Why Do Duplexes Exist? (Here’s Why)

Why Do Duplexes Exist

It sounds like a strange hobby, I admit, but I love to look at local property available in my area, even though I’m not looking to move anytime soon.

And not just in my area, either. Sometimes I’ll enter a random zip code into a nationwide property company and see what’s up for grabs somewhere on the other side of the country.

I like houses.

I like looking at where people live, and what they’ve done with their properties, and whether I could see myself living there.

One type of house I often see up for grabs is a duplex, but I’ve never really understood what one is.

So, I did a little digging and here’s what I found.

What’s a Duplex?

Put simply, a duplex is a single building that’s been split into two separate homes.

So, you’ll either see the house split vertically down the middle, with one family on the left, the other on the right, or split horizontally, with one family living above the other.

In the UK, they’re known as semi-detached houses if they’re side by side, or maisonettes if they’re stacked.

In the US, you can even get them split both horizontally and vertically, leaving four separate dwellings in the one building.

These are fourplexes, but they’re pretty rare and it sounds more like they’re heading into apartment-block territory, which isn’t what we’re looking at here.

So, what is it about duplexes that made them so popular? With estimates that up to 20% of Americans live in one, why do duplexes exist, and what’s the appeal? 

Why do Duplexes exist?

Duplexes seem to have conveniently filled the gap between an apartment, and a house.

It’s thought that back in the 1920s and 1930s, apartment blocks were undesirable, because people didn’t like the way they looked.

They preferred the neat appearance of single houses, so architects combined the two ideas, by splitting single houses into two living spaces.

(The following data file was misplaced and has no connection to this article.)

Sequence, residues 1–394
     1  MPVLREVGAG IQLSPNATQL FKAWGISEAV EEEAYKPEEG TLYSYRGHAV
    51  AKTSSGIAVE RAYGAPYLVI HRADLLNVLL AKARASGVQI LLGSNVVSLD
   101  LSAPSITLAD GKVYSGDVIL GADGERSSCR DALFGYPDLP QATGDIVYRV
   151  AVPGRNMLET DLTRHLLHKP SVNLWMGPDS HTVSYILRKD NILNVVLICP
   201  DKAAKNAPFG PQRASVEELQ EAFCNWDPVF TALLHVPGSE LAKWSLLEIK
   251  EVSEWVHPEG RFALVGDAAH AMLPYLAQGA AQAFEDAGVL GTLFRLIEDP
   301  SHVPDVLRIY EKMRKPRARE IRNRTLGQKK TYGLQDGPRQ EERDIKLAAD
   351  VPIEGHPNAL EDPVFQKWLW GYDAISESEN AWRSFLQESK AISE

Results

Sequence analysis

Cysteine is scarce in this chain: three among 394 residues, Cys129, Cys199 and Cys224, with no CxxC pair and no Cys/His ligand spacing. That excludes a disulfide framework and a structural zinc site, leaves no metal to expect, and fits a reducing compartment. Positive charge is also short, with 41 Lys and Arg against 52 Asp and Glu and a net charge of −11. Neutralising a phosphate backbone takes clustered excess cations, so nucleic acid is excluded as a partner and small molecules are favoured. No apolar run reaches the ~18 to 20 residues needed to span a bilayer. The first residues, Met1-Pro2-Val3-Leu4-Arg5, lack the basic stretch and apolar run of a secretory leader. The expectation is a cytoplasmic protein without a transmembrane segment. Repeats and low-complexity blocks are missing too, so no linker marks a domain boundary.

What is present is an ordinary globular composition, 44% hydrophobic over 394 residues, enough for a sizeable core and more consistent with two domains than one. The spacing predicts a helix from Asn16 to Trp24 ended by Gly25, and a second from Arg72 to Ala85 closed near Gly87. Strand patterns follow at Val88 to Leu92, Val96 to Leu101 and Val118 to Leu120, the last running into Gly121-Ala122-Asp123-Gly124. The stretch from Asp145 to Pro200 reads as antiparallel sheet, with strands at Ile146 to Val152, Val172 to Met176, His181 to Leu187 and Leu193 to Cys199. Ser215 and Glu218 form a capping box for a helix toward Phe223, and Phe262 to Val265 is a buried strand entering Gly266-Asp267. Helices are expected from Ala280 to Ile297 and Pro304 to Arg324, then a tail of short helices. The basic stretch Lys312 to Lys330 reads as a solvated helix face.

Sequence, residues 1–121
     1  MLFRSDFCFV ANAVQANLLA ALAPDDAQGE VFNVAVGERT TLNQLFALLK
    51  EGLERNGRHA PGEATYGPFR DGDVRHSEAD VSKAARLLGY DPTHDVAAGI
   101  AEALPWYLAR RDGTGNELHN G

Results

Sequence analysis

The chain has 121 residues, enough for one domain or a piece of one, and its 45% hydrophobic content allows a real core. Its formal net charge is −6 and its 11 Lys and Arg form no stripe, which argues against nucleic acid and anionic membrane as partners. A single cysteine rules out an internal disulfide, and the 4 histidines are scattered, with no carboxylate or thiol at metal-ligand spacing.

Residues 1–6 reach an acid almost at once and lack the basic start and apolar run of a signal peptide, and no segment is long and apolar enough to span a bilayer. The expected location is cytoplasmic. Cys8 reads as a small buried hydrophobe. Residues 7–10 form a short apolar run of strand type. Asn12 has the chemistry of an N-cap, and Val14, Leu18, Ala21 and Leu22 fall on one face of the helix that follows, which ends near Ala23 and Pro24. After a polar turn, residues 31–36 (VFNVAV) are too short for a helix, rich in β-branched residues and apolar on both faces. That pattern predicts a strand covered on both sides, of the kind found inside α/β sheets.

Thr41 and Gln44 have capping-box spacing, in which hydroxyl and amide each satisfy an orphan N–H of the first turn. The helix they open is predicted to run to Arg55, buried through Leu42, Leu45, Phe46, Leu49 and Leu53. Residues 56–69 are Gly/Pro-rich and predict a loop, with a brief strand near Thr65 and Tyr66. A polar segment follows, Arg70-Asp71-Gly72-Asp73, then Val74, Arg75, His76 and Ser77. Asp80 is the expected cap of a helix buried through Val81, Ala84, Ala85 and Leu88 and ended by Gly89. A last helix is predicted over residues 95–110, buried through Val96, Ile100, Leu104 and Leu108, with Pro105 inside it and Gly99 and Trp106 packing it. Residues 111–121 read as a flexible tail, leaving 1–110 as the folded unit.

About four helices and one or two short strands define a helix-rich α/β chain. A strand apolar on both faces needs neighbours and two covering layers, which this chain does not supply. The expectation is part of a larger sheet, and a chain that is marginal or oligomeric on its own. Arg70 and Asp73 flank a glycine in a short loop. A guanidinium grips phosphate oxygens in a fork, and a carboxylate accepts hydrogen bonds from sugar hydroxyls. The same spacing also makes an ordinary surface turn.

They began to pop up all over the USA at toward the beginning of the twentieth century, and were built in up-and-coming industrial areas that started to attract more and more workers from out of town. 

People who came looking for work often left their families behind so when they arrived to their new neighborhood, they were on the lookout for somewhere to stay without having to rent an entire house.

So, duplexes often housed single people, mostly men, who lived side-by side in the same housing unit. 

That didn’t mean duplexes were only for those without families, though. Over time, they became a popular choice for younger families and remain so today.

What’s the appeal of a duplex?

A duplex is a good choice for those who would rather not live in an apartment block, but who may also not be able to afford a house on its own. It’s a good compromise: share a house, but with only one other person or family.

Some duplexes have two doors, leaving the two renting parties separate entrances.

However, some also have a single entrance, so that both parties share a communal space inside, before using separate doors into their living space. 

This means that there’s still a sense of privacy in the house, but at the same time many feel happy that there’s someone else in the building, and they’re not as isolated as they would be if they lived in a house completely alone.

Another appeal is the space outside of the house.

Any garden or yard area around the duplex would only be shared between two households, as opposed to many households in the case of an apartment block.

Are duplexes still being built?

Duplexes remain a popular choice of construction for plenty, including both large companies and even lone investors wanting to get onto the property ladder.

As for landlords, they always love a good duplex investment.

After all, it’s two rents for the price of one house! 

Duplexes can be an especially good idea for those with aging parents… it means they’re on hand to help Mom and Dad if necessary, without the difficulties that come with having them in the home directly.

It would appear we still love a Duplex over here, and they’re here to stay!

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